July 18, 2012
Regardless of when you first meet the client, there will be an initial client interview that will set the tone for what follows. New attorneys sometime struggle with what exactly it is they are supposed to do with this client in their office. Many of you spent little time focusing on practical skills in law school. You were busy developing your legal acumen and told yourself I’ll learn that when I need to. Well the first time you meet a client is that moment.
Most lawyers are very comfortable focusing on the legal issues, clients are often least comfortable focusing on the legal issue and are instead consumed with their problems, some of which are legal and some of which are not. Discovering the legal issues in the stories of your client is often like panning for gold – you know it when you see the glitter in the bottom of the pan, but sometimes you have to go through a lot of sand first. Discovering that valuable legal information requires a slightly different skill set than what is learned in most law schools. My goal in this post is to provide you with a logical construct that you can use to guide the process of dealing with the client so that you can meet the client’s needs and accomplish your goals as well.
The initial client interview is the place where the attorney client relationship is normally formed. The client is transformed by their consent from a prospective client into a current client. The legal significance of that transformation ensures that the starting point in pretrial practice is the initial meeting or interview between the advocate and the prospective client. Advocates must approach that meeting with a structure in place to insure that certain fundamental questions are answered. Those include (1) what should happen at this meeting? (2) How should the advocate plan for the meeting? (3) What fruit should this meeting bear?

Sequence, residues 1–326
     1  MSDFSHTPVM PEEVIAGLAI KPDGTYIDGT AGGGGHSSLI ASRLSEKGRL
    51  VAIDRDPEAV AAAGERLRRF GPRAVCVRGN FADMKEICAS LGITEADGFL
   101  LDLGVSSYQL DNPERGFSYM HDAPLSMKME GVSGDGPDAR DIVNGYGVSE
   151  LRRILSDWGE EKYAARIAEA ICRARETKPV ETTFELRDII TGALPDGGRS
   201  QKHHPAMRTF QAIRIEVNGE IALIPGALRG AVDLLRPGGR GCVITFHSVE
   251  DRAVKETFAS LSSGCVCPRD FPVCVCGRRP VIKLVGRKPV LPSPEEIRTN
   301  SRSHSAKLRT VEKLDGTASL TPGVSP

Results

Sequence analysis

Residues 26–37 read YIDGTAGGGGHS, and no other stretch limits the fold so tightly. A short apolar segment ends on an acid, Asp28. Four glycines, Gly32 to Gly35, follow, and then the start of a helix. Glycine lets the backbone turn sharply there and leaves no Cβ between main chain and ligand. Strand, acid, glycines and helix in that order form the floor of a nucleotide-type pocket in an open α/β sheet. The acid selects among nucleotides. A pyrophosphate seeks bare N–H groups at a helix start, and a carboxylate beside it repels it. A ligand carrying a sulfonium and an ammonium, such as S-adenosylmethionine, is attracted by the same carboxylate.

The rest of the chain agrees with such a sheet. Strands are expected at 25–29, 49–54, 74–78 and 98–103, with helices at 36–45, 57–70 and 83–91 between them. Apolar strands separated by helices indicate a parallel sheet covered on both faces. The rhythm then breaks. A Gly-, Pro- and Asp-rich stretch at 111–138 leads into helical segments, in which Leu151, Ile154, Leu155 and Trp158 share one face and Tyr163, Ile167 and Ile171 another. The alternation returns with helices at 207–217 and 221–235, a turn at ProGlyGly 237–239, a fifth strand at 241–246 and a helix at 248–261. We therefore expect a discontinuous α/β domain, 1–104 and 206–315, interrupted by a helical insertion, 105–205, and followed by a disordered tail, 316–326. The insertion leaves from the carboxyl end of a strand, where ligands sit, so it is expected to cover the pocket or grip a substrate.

When deciding how to proceed there are certain things that you know you will need to have accomplished by the time the meeting has concluded. They include building a bridge to the client to increase communication, obtaining essential facts, getting documents, identifying the client’s goals, and most important, answering the question of what happens next.
So how do you make certain that you attain your initial goals? You begin by having a clear sense of how you are going to talk with the client about the reason they are in your office. Some good preliminary questions include:
1. Why do you need a lawyer?
2. Please tell me in just a few words what the problem is that you’re calling about?
3. Are there any other people or companies that are involved?
4. Tell me who it is that did this to you?
5. When did this event (e.g. accident) happen?
6. Is anything else bad about to happen to you that requires urgent help?
This approach will get the prospective client talking and produce some feeling within them that you care about their issues and have the ability to identify, and hopefully resolve, their problems. Once you’ve accomplished these goals make certain that when the client leaves that you follow up as your firm’s operating procedures require. At a minimum this usually involves a follow up letter, contract, and fee disclosure – after all we must be paid. Let’s move on and look at initial case analysis, planning, and preparation.